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UND group says intolerance not recognized as campus problem

A UND task force assembled a year ago after two high-profile racial incidents hit campus says a key problem is that racism and other forms of intolerance aren't recognized as problems.

A UND task force assembled a year ago after two high-profile racial incidents hit campus says a key problem is that racism and other forms of intolerance aren't recognized as problems.

Victims of intolerance don't often report incidents and the resulting dearth of such reports makes it appear as though there are few incidents, the task force said in its final report released Wednesday.

High-profile incidents such as the swastikas drawn in the dorms and the sorority party in which participants dressed as stereotypical cowboys and Indians are then seen as isolated events.

But more broadly, there is a perception that those who complain are trying to rock the boat, the task force said in its final report released Wednesday. It blames this on the lack of experience in dealing with diversity in a relatively homogeneous society and, to an extent, by the hardening of attitudes over the Fighting Sioux nickname, which a significant portion of the campus thinks is racist.

None of this suggests that UND is itself an intolerant place, said task force Chairman Dan Rice, who's also the dean of the College of Education and Human Development.

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"I think the university is generally a very welcoming and accepting place," he said. "But we are also a part of a larger society in which there are these tensions, and we have a history as a country with these tensions."

The task force, which included students, staff, faculty members and a community member, recommends the university be more proactive in addressing intolerance, including hiring a diversity officer and an ombudsman, a practice picked up from other universities.

The report now goes to the administration.

Campus climate

As a preface to its recommendations, the task force said "there seems to be a wide perception over the past few years, UND has become an institution too strongly conditioned by a sense that diversity inevitably leads to irreconcilable and unconstructive conflict.

"Diversity is too often associated with trouble or problems," it said.

This seems like a perfect description of the conflict over the Fighting Sioux nickname, which the task force mentions but fails to explicitly connect to the campus climate.

"I think most people on campus who thought about this issue very much would agree that that controversy has made it more difficult to have this conversation," Rice clarified.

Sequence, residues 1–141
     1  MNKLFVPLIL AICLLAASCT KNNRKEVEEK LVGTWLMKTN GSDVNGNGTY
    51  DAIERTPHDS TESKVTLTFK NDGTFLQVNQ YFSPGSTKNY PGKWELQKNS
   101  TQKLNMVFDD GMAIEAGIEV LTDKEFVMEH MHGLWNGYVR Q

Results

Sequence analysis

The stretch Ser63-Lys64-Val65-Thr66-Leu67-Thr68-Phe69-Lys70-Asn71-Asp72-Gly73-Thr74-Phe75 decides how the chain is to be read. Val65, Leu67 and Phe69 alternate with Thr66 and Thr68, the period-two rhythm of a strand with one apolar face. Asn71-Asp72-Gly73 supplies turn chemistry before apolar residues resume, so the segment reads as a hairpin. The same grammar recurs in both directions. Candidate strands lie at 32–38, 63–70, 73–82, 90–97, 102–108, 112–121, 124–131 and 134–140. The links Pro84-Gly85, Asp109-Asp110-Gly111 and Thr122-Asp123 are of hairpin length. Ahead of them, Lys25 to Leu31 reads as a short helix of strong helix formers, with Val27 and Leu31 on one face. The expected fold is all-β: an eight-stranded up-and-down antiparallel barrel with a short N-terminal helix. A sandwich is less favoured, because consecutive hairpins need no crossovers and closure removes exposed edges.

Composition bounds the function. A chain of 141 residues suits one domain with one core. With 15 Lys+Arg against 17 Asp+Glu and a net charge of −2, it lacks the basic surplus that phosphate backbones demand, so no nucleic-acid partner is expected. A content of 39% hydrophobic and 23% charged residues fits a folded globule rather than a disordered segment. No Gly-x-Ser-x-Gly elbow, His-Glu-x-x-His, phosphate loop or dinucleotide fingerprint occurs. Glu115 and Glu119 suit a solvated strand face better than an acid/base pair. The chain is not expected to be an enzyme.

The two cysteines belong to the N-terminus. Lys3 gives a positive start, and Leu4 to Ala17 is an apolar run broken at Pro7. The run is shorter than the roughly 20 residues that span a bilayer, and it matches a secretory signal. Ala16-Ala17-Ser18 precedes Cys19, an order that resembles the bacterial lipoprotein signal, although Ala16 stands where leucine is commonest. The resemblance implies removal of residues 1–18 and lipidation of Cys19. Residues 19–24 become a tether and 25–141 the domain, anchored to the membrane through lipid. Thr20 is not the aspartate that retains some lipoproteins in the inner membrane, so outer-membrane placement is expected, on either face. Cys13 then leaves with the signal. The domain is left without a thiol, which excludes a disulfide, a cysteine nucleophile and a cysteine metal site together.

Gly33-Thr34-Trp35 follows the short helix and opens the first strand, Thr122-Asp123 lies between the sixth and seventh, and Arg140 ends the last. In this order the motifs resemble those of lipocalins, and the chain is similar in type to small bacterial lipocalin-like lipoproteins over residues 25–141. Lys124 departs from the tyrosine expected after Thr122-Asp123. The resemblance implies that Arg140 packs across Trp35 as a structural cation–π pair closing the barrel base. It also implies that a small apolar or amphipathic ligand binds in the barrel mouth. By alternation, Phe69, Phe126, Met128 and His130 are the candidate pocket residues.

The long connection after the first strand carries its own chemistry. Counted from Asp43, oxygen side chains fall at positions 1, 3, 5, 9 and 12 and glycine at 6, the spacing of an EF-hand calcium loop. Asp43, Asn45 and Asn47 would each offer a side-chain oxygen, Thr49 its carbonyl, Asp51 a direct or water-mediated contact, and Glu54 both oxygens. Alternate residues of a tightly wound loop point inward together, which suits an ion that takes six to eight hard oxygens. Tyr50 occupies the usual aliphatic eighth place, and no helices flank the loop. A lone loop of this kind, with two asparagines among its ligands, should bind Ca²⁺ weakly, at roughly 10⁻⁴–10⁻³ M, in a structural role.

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He said that by this, he meant people who dismiss anti-nickname forces as agitators may be conditioned to dismiss those complaining about racism as agitators also.

Outside that conflict, he said, people here just don't have a lot of experience with those who are different from them.

"Sometimes, there may be things we say or do that are hurtful or harmful to other people and we don't even realize it because our intention is not to do that," he said. "People are generally good and kind, but they may not be very sophisticated."

On the offensive

The report suggests that the system UND has in place for addressing intolerance is good but needs augmenting.

One problem is not many on campus know how the system works and people they might turn to, such as their supervisors, might well be the offending parties. An ombudsman would be able to offer confidential advice in most cases and direct the victim to the proper authority.

Another problem is incidents are sometimes dealt with informally without the need for a formal complaint.

Rice said that's a good thing, but it doesn't allow the university to gather data with which to measure progress, so the task force recommends all incidents be reported.

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While the ombudsman addresses incidents that have occurred, a diversity officer would work to build a climate of tolerance to prevent future incidents. Such a person, the task force said, should be a high-level official reporting directly to the president.

The task force goes so far as to recommend the university encourage scholarly research and academic conferences that involve diversity, which would seem to go beyond merely remedying existing problems but actually creating a new expertise at the university.

"We're wanting to do more than just simply be in a defensive posture, to try to be more proactive," Rice said. The world is diverse, and it'll help students to be more comfortable with that diversity, he said. "We think there are larger social benefits and goods."

Reach Tran at (701) 780-1248; (800) 477-6572, ext. 248; or send e-mail to ttran@gfherald.com.

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